In the world of the underground horror filmmakers, there’s Bill Zebub, who makes about 5 movies a year, I found him at Chiller. I thought that the title Jesus Christ, Serial Rapist was the funniest name for a movie I’d heard in ages. So I talked to him, he was just hilarious - and I ran into a bunch of filmmakers at Chiller Theatre, including Eric.

Fred Vogel, from Toe Tag Pictures, the August Underground guys... They have 3 films now..but they’re probably the ‘hardest’ and most respected in the underground community. And I think (they) have the best production values, for what it is. Their violence is the most horribly realistic and off-putting. But talking to him, he’s a very together guy.

And then there’s Eric, who became the hook of the movie and who replaced the peeping tom from my childhood. He makes the S&Man movies that we got the title from. (S&Man volumes 1, 2, 3, etc. where Eric casts himself as a psycho who follows random women, infiltrates their lives, and “kills” them on camera).

You were talking about films ABOUT point of view, and you also shoot from such an odd point of view, for a documentary- can you talk about your choices for coverage in this film? And I noticed you also stay behind the camera except for certain scenes where you show up in the frame with Eric. Tell me about the film’s visual style.

I think something that horror films and documentaries have is the sadism of the point of view. What The Texas Chainsaw Massacre changed so much about horror films was suddenly having POVs that don’t have a personality attached to them. You’re stalking through the weeds following the characters, but you’re not in anybody’s subjective -and when you’re in a documentary film, you’re always in that position. Because you’re like Michael Moore talking to Charlton Heston hoping he’s going to say something fucked up and stupid- exploiting this old man. You’re always conscious that the camera is this sadistic force acting on Charlton Heston.

Like weighing down on the subject until you get what you want?

Exactly - and that’s how I feel when I’m in front of the camera, like I’m being aggressed upon by this lens. But visually what I was trying to do there is give the idea that the subject was being interrogated. The whole movie’s handheld. Basically.

Makes you uneasy.

It makes you uneasy, it makes you conscious that you’re watching these people, and it makes you conscious of your role as “stalker” in a film.

I also felt since most people don’t do head-on eye contact in conversation, but watching this, everyone who speaks on camera is staring at ME. It makes you uncomfortable - the audience of this film is getting a stare down as well.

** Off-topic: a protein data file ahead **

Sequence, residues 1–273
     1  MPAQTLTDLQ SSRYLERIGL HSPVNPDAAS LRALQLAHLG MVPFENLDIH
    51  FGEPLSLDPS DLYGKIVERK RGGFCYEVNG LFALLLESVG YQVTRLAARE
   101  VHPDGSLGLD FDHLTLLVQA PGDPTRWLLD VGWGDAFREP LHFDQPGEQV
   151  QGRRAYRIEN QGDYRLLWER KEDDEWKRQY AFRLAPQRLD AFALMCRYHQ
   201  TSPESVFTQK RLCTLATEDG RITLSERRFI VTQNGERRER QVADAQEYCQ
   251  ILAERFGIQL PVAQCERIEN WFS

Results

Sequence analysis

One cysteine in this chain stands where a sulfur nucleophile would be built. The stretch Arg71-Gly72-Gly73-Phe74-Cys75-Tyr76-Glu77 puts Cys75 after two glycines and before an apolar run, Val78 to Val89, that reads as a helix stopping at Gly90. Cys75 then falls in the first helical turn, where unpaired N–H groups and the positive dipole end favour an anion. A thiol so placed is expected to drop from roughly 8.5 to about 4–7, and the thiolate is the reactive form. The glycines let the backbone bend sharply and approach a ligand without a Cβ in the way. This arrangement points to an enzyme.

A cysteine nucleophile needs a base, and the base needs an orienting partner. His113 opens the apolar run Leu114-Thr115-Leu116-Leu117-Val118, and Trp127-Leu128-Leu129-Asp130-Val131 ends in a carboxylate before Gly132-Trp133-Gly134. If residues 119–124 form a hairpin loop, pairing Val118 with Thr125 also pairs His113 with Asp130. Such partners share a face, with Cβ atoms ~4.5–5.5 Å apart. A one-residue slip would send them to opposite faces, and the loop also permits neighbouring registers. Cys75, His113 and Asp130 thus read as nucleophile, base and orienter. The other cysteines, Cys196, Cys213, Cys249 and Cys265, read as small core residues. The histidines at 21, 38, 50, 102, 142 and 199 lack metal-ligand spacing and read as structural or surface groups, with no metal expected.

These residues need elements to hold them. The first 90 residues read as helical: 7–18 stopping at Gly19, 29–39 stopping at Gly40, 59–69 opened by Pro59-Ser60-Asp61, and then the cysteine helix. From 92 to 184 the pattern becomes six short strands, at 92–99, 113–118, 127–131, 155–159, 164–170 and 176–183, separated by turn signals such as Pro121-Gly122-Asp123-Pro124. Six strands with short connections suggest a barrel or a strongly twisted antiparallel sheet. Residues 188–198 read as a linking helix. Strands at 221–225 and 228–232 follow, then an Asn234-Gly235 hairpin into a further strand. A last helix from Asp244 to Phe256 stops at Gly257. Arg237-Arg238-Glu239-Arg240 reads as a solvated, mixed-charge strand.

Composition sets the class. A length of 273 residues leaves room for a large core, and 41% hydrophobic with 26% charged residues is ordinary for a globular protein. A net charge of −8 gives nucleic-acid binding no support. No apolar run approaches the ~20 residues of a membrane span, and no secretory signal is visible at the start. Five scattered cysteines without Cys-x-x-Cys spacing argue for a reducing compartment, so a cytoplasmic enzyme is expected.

I did the same thing like Errol Morris, who shoots all of his documentaries through a teleprompter. So my face is in front of the lens talking to them. I’m usually off to the side so they can hear me, but hidden by flats so they’re not distracted.

Can you also talk about the editing style for this? Often it seems like you use a ‘rollout,’ or outtake. An ‘off’ sequence where Megan makes a silly face, or the shrink makes obscene gestures at the camera.

Part of it is for that consciousness, part of it is to get away from the talking heads; because I want all of these characters to be “lifelike.” And express who they are. And Dr. Krueger is like The Eagle in the Muppets, very upright… proper. And then when you see him step out and flip the bird, you go “Oh yeah, he’s human.”

Kind of letting them step out of character.

I think what documentaries are trying to do is get behind the “front.” Everybody’s got this facade, their specialty, but we want to see them as human.

One of the things Dr. Clover points out is over the course of a single day, we find ourselves being captured on tape multiple times, without being made explicitly aware of that fact. There was a coffee shop I was in, and I found out online they actually have a live feed, on a website, of the interior of the coffee shop! But there’s no sign that says that. I was wondering if in your mind, there’s a difference between that kind of observation and the kind of stuff Eric did; I know there’s a clip that Eric filmed stalking your girlfriend…